Modeling and Control for 48V/1V Sigma Converter for Very Fast Transient Response
pology as shown in Fig. 1, an outstanding performance in terms of efficiency (95.2%) and power density (700 W/in3) has been demon- strated. Both the efficiency and power density are much higher than state-of-art solutions. However, the modeling and control of the Sigma converter is challenging due to the quasi-parallel structure, and they have not been solved properly yet. The small-signal model of current mode and V2 control are provided and compared with voltage mode control. The V2 control with active droop control is chosen for high-bandwidth and constant load line design.
Fig. 2 shows the bode plot of constant-on-time current mode and enhanced V2 control, as well as the comparison with volt- age mode control, where Vin=54 V, Vo=1.4 V, D=0.07, n=12, Lr=440 nH, L=210 nH, Cin=10 uF, and Co=2 mF. From Fig. 3, voltage mode has a low frequency double pole, and COT current mode has a low frequency RHP pole (gain decreases and phase increases). As a result, both voltage mode and COT current mode are not suitable for high bandwidth design, and enhanced V2 control is chosen.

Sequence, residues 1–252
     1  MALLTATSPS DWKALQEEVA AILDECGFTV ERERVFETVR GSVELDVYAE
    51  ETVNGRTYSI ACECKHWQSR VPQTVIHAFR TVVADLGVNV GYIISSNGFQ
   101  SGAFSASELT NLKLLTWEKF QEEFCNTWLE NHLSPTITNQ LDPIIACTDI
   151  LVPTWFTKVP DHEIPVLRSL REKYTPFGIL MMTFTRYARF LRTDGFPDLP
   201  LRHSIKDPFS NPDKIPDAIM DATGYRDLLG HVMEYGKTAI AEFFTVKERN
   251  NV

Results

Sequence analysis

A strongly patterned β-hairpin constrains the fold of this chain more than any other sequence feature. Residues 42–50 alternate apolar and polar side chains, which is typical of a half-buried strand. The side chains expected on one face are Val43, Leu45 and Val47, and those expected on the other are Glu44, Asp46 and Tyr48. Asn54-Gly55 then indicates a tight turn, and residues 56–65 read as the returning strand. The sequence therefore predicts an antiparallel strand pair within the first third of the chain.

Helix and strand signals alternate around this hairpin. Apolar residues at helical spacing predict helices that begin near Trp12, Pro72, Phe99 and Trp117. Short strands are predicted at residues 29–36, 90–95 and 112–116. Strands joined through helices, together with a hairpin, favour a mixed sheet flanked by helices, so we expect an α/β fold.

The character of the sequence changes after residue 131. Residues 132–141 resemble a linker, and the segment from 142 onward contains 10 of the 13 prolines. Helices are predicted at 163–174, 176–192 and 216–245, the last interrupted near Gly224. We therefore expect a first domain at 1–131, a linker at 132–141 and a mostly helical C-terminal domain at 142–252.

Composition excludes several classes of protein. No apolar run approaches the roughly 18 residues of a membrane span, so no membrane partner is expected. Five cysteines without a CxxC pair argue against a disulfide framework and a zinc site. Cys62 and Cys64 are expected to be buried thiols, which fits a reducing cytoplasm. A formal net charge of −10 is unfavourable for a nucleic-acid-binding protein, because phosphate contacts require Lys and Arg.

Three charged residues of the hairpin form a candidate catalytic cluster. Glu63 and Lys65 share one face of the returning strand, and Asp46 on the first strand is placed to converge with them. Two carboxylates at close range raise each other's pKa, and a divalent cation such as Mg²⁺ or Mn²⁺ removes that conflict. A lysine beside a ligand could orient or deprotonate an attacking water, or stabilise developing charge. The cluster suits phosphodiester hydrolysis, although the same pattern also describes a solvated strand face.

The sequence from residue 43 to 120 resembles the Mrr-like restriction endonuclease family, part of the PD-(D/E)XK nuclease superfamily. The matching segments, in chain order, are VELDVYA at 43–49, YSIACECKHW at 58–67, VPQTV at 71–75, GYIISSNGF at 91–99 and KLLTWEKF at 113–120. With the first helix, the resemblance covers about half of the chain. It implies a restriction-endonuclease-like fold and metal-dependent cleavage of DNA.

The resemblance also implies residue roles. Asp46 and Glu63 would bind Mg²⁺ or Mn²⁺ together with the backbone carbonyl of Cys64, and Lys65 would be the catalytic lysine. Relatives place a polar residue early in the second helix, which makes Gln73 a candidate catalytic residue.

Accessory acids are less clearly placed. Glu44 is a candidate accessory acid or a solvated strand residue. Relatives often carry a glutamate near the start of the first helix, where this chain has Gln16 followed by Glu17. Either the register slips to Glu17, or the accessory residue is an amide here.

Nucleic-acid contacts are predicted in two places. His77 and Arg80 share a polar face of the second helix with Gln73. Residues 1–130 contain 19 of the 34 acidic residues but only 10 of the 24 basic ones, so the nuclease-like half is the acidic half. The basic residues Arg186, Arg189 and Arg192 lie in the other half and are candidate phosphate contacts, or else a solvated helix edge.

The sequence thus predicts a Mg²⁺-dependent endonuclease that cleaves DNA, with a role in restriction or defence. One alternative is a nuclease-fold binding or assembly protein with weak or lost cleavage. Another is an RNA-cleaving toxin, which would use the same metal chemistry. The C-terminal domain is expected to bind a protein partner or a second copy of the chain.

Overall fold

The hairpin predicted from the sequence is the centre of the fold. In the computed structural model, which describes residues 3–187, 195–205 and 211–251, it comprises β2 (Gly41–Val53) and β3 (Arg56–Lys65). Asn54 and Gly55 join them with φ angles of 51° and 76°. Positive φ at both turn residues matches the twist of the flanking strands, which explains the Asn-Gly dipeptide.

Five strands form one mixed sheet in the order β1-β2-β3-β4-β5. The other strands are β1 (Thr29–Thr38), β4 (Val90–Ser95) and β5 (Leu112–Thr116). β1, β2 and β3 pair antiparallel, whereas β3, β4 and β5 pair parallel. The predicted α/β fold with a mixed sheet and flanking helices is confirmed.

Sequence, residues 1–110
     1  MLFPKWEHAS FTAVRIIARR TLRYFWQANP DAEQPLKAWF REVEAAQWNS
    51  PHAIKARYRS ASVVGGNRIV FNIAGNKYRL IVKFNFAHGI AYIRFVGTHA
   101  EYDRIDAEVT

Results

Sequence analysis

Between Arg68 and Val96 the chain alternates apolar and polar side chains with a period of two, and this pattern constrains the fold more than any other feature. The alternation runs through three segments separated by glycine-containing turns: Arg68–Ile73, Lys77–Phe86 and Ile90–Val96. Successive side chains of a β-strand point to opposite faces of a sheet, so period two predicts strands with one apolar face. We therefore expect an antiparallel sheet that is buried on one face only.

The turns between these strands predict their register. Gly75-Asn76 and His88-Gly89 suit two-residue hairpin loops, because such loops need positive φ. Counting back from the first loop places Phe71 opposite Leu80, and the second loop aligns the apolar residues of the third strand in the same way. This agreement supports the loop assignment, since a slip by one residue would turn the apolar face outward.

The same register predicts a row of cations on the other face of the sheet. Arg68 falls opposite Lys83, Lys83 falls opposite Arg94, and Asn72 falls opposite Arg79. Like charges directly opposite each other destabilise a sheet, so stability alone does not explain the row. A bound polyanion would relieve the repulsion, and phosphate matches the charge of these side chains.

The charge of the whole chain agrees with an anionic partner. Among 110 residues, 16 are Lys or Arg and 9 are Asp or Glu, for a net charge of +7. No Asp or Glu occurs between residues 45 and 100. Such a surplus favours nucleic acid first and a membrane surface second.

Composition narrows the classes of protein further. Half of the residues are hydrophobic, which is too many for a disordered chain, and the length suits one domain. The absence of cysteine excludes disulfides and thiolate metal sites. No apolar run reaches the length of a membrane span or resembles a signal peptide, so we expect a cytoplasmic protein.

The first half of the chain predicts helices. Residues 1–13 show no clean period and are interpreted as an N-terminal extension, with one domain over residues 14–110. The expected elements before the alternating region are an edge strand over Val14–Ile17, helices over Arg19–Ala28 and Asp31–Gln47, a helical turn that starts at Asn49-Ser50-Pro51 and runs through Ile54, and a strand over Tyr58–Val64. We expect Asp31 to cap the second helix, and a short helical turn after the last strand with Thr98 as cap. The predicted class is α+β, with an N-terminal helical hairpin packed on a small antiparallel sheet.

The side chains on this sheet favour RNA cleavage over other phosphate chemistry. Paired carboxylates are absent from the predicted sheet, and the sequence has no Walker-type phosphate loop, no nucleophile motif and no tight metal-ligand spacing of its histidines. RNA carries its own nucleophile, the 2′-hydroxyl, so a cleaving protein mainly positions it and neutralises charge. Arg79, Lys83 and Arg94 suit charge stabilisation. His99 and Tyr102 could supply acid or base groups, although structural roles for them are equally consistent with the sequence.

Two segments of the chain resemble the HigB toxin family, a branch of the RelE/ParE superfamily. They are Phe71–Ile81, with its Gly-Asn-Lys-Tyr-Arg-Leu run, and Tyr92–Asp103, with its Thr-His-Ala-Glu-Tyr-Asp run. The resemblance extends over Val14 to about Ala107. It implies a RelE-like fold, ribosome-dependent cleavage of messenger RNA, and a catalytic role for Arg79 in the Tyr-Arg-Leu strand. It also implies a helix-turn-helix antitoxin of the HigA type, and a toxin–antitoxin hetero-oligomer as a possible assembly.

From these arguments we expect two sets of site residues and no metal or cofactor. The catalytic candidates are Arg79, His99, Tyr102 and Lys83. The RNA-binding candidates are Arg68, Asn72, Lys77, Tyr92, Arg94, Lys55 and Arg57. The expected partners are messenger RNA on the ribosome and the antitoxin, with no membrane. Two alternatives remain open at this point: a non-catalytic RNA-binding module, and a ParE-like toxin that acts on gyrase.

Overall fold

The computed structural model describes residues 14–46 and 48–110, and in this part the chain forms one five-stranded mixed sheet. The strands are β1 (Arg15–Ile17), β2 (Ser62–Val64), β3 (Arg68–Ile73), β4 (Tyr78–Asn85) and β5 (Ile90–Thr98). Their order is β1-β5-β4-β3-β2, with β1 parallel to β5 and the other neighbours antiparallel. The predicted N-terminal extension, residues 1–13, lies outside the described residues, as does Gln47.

It is well known that CPU VR must achieve adaptive voltage positioning (AVP) to meet Intel load line specifications. In order to meet the AVP requirement, the active droop control scheme is ad- opted, as shown in Fig. 3. With this method, the simulation results of output impedance with different operating points is shown in Fig. 4. Constant load line is achieved at all operating regions.